by Daniel Cooper
Untamed Travel Magazine, February 2005
"The banana is great, but the skin is greater." So writes H R Robinson in A Modern De Quincey (Orchid Press, 2004), his autobiographical account of his time in the Burma Military Police and descent into opium addiction. This slim volume has an interesting story itself, being first published in 1942, and previously only being available second hand at extortionate rates*. Indeed, Gerry Abbott, who published the second edition, was offered one copy for £900. The other interesting aspect of the book is that it may, or may not, feature George Orwell, back when he was called Eric Blair and working as a military policeman in Burma. Robinson was certainly serving at the same time, refers to a friend only called “The Poet”, and Orwell reviewed the book.
The book begins with Robinson's commission in the Indian Army although the war ends before he sees active duty. He is seconded to the Burma Military Police and posted to a remote corner of the empire in north Burma, where he acts as magistrate and His Majesty George VI’s representative. His adventures in this distant outpost form the first part of the book where we get to know Robinson as a humorous, gentle and just administrator of the provence, four day's walk from the nearest remnants of British civilisation. It is after his discharge, probably due to a scandalous relationship with a woman guilty of murdering her elderly husband, that he moves to Mandalay in 1923.
While walking the streets with two friends one night he stumbles upon an opium den. After one night's smoking he acquires a fascination for opium and fellow lotus-eater Maung Ba Ohn. Robinson writes, "Occasionally I had met men upon whom it was good to look. At school there had been boys whose faces had been a source of perpetual disquiet to me, but never had I met a man whose fascination could compare with that of Ba Ohn. Nevertheless it was the fascination of the orchid, the fascination of the painted lady, the fascination of something too good to be true”.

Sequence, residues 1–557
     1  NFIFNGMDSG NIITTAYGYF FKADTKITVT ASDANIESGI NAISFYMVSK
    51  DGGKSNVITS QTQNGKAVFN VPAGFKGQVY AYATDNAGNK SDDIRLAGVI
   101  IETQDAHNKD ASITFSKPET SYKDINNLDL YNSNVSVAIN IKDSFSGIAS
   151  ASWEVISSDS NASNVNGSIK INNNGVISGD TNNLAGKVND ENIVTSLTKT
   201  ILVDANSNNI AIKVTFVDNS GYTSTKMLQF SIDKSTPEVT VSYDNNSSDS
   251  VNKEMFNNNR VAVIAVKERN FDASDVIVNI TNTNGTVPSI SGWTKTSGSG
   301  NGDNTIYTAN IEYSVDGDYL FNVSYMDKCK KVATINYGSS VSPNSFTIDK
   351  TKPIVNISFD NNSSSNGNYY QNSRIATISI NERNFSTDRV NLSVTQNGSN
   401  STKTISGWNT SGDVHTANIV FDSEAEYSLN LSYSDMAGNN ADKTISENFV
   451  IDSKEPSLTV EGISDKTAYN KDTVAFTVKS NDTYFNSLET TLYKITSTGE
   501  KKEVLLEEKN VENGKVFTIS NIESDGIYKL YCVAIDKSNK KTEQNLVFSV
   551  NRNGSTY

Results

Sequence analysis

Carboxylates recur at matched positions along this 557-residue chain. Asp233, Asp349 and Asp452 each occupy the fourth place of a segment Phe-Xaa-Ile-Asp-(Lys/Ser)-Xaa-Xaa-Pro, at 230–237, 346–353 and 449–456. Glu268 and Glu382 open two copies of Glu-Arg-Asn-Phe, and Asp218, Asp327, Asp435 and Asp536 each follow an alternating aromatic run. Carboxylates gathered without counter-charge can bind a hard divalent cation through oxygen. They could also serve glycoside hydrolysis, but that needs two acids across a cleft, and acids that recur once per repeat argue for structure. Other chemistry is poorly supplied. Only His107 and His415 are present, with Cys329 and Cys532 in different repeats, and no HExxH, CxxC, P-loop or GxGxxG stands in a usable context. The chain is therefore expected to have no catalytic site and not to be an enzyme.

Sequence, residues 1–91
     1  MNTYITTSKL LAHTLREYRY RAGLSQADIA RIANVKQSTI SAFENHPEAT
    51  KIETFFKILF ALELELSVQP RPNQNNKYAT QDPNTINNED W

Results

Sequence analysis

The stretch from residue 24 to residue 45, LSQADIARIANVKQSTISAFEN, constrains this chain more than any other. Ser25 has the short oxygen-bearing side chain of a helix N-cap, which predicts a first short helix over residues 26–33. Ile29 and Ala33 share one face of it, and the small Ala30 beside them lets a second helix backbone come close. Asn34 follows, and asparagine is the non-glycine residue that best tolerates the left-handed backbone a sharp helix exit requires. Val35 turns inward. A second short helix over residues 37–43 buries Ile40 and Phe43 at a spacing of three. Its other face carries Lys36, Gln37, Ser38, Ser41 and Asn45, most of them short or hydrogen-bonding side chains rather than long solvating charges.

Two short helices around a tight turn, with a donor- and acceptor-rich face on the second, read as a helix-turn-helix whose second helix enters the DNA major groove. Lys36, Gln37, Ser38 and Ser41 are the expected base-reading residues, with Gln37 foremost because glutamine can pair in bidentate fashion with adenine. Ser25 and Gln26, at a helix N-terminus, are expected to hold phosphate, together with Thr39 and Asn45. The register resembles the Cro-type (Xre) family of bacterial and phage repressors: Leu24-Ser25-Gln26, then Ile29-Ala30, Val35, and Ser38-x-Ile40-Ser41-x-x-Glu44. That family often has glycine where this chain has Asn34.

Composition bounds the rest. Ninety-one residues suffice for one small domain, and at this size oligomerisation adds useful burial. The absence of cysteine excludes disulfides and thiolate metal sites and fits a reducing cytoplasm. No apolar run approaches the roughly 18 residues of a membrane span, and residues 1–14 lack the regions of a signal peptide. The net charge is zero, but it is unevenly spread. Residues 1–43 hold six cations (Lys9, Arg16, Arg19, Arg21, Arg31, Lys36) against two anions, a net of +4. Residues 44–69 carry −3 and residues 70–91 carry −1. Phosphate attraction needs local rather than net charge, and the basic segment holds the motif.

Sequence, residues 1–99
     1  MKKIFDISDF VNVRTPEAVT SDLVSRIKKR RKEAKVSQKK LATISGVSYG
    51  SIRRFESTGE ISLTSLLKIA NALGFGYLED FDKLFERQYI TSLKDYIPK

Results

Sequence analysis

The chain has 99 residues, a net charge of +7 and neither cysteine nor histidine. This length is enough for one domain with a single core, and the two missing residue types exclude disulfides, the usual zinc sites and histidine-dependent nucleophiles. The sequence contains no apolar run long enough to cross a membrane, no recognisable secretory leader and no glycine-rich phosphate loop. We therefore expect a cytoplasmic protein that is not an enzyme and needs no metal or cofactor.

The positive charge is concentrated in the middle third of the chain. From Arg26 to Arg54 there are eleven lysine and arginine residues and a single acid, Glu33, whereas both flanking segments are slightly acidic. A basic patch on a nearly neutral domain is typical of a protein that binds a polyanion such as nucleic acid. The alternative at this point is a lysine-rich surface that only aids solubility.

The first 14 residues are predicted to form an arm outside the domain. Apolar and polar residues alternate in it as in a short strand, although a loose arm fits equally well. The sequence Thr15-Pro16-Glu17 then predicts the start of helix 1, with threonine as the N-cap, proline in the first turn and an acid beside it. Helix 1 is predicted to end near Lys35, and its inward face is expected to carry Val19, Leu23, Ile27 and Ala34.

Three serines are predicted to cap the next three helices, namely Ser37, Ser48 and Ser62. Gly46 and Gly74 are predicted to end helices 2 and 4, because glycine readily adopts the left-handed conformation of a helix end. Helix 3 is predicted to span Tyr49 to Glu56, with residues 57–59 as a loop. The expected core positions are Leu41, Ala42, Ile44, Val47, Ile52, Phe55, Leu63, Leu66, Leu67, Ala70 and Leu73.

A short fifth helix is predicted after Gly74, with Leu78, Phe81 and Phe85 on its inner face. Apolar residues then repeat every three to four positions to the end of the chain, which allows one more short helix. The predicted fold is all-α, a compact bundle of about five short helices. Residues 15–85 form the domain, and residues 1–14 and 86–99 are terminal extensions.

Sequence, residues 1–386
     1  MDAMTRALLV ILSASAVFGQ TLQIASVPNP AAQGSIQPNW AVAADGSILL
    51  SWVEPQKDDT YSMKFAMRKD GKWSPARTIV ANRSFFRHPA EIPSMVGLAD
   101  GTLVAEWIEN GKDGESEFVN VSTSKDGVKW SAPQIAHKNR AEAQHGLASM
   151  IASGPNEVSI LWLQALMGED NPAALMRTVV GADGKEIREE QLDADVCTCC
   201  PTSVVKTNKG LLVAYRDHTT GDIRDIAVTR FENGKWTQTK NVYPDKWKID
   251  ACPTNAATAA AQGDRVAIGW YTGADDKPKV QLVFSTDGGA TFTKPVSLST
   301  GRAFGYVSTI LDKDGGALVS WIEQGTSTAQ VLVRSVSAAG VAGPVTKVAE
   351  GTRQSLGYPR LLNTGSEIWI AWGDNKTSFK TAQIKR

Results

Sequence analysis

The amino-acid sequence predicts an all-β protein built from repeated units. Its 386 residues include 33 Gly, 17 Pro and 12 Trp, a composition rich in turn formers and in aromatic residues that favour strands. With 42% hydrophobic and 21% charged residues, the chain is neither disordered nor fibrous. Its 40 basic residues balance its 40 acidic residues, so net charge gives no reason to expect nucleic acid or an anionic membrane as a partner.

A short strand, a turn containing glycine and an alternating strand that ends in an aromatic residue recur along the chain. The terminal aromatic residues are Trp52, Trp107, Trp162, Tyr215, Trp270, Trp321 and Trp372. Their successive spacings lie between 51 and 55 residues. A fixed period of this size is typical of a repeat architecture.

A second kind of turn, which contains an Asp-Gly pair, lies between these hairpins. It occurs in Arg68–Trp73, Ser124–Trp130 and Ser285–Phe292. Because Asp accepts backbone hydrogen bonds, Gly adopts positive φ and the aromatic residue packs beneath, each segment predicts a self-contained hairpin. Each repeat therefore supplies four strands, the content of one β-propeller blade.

Ba Ohn accompanies Robinson for the rest of book, to the opium den, through cancelled journeys home and down the slippery slope of addiction. Eventually, Robinson discovers he is hooked and makes several efforts to give up, becoming a Buddhist monk at one point. However, his decline is too advanced and other historical accounts identify him as the scoundrel of Mandalay and by the end of the book he is a broken man.
Orwell describes the book as “a small but not valueless contribution to the literature of opium. It is amateurishly written, but its facts are truthful”. The story is well-crafted and ends on an appropriately dramatic climax. Although it may be hubris for Robinson to compare himself to De Quincey, he shares the great writer's smoking habits, and is definitely a romantic.
December 2005 Update
The price for an original 1942 edition of A Modern De Quincey remains exorbitant. A London bookseller has a copy without a dustjacket, with faded boards and spine, a cracked front hinge and end papers that have been replaced. The cost: £395.
Note: The copyright for this article is held by the original content creator.